He came to Roaring Branch in June of 1855 where he located permanently and soon after engaged in the mercantile business, lumber business, and later in the coal business, and there he died on March 27, 1911.
Although his school advantages were very limited, he became a well educated man through his personal efforts.  He became a great reader and enjoyed it immensely, very likely, through his association with books in his work in New Bedford, Mass.
Mr. Green engaged very little in social affairs but he seemed to know as much of the rules and forms of propriety and etiquette as many who make a study of such matters.  A very great tribute was paid to him by a lawyer friend Mr. W. C. Sechrist of Canton, when he said, “his language was always proper.  I never heard of his speaking an oath, and I never knew or heard of his using language which might not with propriety be heard by women and children.  He enjoyed a good story and could tell one but he would neither tell nor listen to a shady one.”
When the Green family came to Roaring Branch in 1855, it consisted of Father, Mother, three sons and two daughters.  John Green engaged in the lumber business for some time, but it was not successful and he lost all he had.  A few years later, Charles having saved about $800 opened a small store.  During the war years his business increased so that it outgrew the quarters and he built a new store building near the station.
While his mercantile business was successful, still he made the most of his large fortune in the lumber business.  About the year 1858 he was offered the chance to purchase a large tract of “wild land” as it was then called, at a price of about $1.75 an acre with the understanding that he could take all the time he needed to pay for it.  He knew the land well and accepted the offer.  There were thousands of ash, cherry and basswood trees growing there, and as the war came on, this lumber became more and more valuable and he lost no time in manufacturing and selling this at a large profit.
This was the real beginning of his financial success and he continued in the lumbering business until 1907, although the last ten years of that time the business conducted principally by Mr. John D. Allison, who remained in Mr. Green’s employ until his death in 1911. (Mr. Green’s death)
In his will, Mr. Green remembered his relatives, also his housekeeper and his gardner, the Methodist Church in Roaring Branch, (although he himself was a Quaker) a Home for Friendless in Williamsport and Old Ladies Home in Roaring Branch.  Also named in the will were the president and secretary of the school boards of Canton and Wellsboro, respectively, with money for a public library in each town.  These libraries were to be with the provision, (quoting from the will) “shall be free to all persons seeking information who appreciate the privilege of a free library and will not abuse or injure the volumes, furniture, or fixtures of the same, and who will cheerfully conform to the rules and regulations of said corporation.”  After all these well laid plans, Canton came near losing it library.  The will had been drawn by a Philadelphia firm and one of the three executors was a lawyer used to settling large estates.  Just before his death, Mr. Green decided to change this provision on the ground that the man did not need the money which the regular fees for such service amounted to, and he appointed a local man in his place.  Soon after that the man disappeared with much of the money that had been entrusted to him.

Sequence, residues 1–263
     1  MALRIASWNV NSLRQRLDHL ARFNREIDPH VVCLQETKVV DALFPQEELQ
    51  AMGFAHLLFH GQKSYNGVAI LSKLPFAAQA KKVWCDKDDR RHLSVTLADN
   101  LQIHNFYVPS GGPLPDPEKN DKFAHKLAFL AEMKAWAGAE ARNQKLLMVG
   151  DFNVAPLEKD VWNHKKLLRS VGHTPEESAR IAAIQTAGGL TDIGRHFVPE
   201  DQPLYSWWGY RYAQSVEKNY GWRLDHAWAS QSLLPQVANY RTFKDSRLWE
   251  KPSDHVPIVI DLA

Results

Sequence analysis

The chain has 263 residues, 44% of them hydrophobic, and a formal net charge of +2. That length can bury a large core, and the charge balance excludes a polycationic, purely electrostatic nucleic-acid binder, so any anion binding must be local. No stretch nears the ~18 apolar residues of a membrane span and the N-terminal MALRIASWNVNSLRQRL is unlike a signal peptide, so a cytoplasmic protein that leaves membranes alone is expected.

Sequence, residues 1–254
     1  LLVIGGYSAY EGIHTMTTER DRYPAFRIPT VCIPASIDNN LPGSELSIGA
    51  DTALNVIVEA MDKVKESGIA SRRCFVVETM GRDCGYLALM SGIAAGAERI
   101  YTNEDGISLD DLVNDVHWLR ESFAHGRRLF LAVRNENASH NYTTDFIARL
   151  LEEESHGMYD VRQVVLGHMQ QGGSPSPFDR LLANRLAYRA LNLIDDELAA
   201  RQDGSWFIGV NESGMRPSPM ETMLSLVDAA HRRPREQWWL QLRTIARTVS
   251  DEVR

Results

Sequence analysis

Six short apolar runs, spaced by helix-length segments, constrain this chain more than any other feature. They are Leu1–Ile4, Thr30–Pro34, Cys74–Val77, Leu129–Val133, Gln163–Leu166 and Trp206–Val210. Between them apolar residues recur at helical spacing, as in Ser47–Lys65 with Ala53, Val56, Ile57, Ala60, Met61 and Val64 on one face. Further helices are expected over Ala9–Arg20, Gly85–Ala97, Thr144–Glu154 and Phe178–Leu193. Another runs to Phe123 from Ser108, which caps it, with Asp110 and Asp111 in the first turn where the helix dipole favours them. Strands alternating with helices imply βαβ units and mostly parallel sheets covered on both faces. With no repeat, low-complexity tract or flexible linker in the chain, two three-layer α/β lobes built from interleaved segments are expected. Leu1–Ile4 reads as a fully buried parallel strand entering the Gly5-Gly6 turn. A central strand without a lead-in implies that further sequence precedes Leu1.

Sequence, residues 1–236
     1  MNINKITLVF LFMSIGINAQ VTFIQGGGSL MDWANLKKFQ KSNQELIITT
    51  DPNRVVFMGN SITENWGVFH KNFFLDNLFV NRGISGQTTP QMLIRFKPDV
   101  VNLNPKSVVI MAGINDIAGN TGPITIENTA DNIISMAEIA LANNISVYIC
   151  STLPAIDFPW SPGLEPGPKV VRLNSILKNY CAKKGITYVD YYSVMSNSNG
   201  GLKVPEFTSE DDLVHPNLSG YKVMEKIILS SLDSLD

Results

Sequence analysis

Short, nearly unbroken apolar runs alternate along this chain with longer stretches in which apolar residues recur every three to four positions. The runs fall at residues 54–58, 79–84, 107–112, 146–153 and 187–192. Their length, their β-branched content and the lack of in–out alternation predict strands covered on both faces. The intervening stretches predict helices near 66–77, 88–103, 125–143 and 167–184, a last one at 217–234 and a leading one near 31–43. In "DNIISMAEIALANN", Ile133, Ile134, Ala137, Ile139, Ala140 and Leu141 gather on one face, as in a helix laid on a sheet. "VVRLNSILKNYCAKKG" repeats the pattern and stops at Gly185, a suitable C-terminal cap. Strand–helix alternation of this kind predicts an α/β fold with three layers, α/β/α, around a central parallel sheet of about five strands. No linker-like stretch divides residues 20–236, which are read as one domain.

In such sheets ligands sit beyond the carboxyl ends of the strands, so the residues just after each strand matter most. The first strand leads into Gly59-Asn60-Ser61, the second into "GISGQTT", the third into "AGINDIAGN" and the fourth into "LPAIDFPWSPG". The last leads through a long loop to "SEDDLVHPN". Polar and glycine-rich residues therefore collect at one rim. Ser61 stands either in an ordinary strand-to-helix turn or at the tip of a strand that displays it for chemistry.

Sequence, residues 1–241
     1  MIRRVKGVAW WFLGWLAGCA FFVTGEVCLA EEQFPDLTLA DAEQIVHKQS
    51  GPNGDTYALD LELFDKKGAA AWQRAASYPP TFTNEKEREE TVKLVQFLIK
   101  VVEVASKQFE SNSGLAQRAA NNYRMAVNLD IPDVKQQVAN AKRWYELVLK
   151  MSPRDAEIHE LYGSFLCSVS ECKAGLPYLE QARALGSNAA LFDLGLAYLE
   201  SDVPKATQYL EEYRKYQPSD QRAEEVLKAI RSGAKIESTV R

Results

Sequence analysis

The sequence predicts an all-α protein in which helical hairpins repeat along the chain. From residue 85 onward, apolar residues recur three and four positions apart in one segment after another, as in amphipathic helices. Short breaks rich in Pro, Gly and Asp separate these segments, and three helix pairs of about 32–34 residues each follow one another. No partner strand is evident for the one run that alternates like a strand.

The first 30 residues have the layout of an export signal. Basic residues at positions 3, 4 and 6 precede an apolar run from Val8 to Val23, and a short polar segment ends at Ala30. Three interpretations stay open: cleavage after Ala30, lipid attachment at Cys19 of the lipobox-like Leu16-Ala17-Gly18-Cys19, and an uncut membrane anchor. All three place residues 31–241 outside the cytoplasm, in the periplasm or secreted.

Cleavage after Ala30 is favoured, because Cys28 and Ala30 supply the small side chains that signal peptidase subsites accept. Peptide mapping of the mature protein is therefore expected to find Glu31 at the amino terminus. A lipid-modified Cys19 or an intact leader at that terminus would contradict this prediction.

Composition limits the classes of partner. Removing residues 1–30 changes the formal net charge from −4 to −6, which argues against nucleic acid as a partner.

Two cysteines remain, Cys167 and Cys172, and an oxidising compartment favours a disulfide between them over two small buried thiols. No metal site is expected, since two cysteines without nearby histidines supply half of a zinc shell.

Much of the above information about Mr. Green has been taken from a paper prepared by Mr. W. C. Sechrist and read by him at the dedication exercises of the Green Free Library on Nov. 20, 1913, and also from a paper prepared by Miss Helen Rockwell and read at a V. I. A. meeting on April 3, 1913 by Mrs. Fred Newell.
Article About the Endowment of the Old Ladies Home at Roaring Branch as Published in the Pennsylvania Grit Under Date of April 9, 1911

The site for the Charles S. Green home, at Roaring Branch, is one of the finest in the State.  It will be located on a bench of land lying west of Lycoming Creek and north of Roaring Branch, near the home of Mr. Green, on a tract of land that comprises about 200 acres.
The exact spot on which the home will be placed has not been decided, this being left entirely with the executors.  This much is certain, however, the Green homestead will not be dismantled, and for years to come people passing through the valley will be able to see the place where lived a man who first made his wealth off Roaring Branch, and dying, left it in a way that would do the people of that section the most possible good.  A forest of virgin pine still stands near the place where Mr. Green lived and died, and was one of the spots most sought by him, even after he had passed his allotted three score years and ten.  Streams in the neighborhood furnish fine sport for the people of the valley.  In fact, everything about the site indicates it could not be better adapted for the purpose if it had been designed and laid out with that end in view.  On Friday afternoon, J. D. Allison, successor to Mr. Green as secretary and general manager of the Red Run Coal Company, and his former private secretary were in this city.